Intro

Ready to MAXIMIZE your military disability? You've come to the right place!

Through our blog, we jump deep into Military Disability topics, concerns, upcoming changes, etc. For a complete overview of the veteran's disability systems, ratings, and benefits, check out our website, www.MilitaryDisabilityMadeEasy.com. It has an immense amount of information, and should be able to address the majority of your questions very well.

Comment, ask questions, let us know what YOU need. We are here for you!

Tuesday, October 28, 2014

C&P Examination Templates

Are you trying to figure out what information the VA needs to assign a Military Disability Rating to your condition?

We break down how the VA rates every condition on our site, but here is another great tool.


These templates were designed by the VA to help guide their physicians through the C&P Exam.  They tell the physician what things they need to examine, what tests they need to perform, and what information they need to record in order for the conditions to be correctly rated.

These templates can also give you a good idea of how to prepare for and what to expect at your C&P Exam.


These templates don’t, however, cover every condition, and they are written for physicians, so they may be a bit tough to understand. Remember, though, that you can always find complete, simple info on every condition on our site at www.MilitaryDisabilityMadeEasy.com.

Monday, October 20, 2014

How to Rate Pectus Excavatum for Military Disability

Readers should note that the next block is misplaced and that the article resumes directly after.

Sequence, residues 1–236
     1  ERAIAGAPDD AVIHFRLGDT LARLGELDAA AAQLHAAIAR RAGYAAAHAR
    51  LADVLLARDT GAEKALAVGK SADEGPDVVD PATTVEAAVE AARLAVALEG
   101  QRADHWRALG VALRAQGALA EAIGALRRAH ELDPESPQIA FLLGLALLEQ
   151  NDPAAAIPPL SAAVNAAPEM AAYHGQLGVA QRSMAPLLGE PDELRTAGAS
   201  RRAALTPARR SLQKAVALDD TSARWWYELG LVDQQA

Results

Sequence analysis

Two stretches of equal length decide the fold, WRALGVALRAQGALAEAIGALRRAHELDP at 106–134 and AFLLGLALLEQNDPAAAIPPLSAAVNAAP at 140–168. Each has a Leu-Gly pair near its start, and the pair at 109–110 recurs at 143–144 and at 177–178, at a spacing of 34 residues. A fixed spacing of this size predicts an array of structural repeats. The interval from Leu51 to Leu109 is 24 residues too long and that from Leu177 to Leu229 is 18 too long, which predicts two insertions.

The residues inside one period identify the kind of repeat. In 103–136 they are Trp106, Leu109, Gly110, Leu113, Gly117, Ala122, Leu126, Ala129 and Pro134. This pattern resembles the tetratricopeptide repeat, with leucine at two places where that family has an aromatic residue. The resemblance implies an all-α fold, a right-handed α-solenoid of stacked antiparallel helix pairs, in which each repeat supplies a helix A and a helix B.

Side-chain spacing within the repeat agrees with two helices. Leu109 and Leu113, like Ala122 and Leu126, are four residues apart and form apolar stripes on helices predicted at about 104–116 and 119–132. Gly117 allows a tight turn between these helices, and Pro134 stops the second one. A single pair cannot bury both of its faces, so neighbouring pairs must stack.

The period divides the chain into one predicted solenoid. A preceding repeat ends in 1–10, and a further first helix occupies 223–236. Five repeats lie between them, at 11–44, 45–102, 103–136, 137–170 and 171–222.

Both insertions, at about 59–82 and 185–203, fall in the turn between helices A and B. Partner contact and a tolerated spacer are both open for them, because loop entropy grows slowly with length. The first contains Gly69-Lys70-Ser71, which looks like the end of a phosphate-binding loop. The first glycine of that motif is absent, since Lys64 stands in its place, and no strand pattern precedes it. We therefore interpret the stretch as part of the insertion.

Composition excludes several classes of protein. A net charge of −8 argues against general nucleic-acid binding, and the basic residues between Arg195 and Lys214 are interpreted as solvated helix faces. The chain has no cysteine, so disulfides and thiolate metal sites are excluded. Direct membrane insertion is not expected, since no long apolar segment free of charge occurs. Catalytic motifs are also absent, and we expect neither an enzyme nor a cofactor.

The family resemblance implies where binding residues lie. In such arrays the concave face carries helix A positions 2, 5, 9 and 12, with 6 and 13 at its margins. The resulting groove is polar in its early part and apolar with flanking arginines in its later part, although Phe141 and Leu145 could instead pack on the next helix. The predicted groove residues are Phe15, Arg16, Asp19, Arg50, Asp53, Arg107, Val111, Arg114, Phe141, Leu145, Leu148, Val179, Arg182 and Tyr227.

Pectus Excavatum is a condition where the bones of the sternum and ribs grow inward, creating a sunken area of the chest. This can interfere with the ability of the heart and lungs to properly function.

This condition is normally genetic, considered EPTS, and thus not ratable for Military Disability.

In very rare cases, however, Pectus Excavatum can be caused by trauma to the chest. Most traumatic cases of Pectus Excavatum can be treated and corrected with surgeries.

Assigning a Military Disability Rating to a traumatic Pectus Excavatum condition can be tricky. Ultimately, the condition itself is not rated, but the effects of the condition.

Because of this, the VASRD does not give a code for Pectus Excavatum. Instead, it must be rated analogously on the symptoms it causes.

The most common ratable symptom of Pectus Excavatum is decreased lung function. If the condition affects the lungs, then it is rated under code 6842.

If it affects the heart, then it is rated under the heart code that most closely describes the heart's symptoms. 

If it affects both the heart and the lungs, it can be given two ratings, one for each. 

If it doesn't affect the heart or the lungs, then it can be given a single rating under code 5297 for the ribs. The ribs can only be rated if neither the heart nor lungs are rated.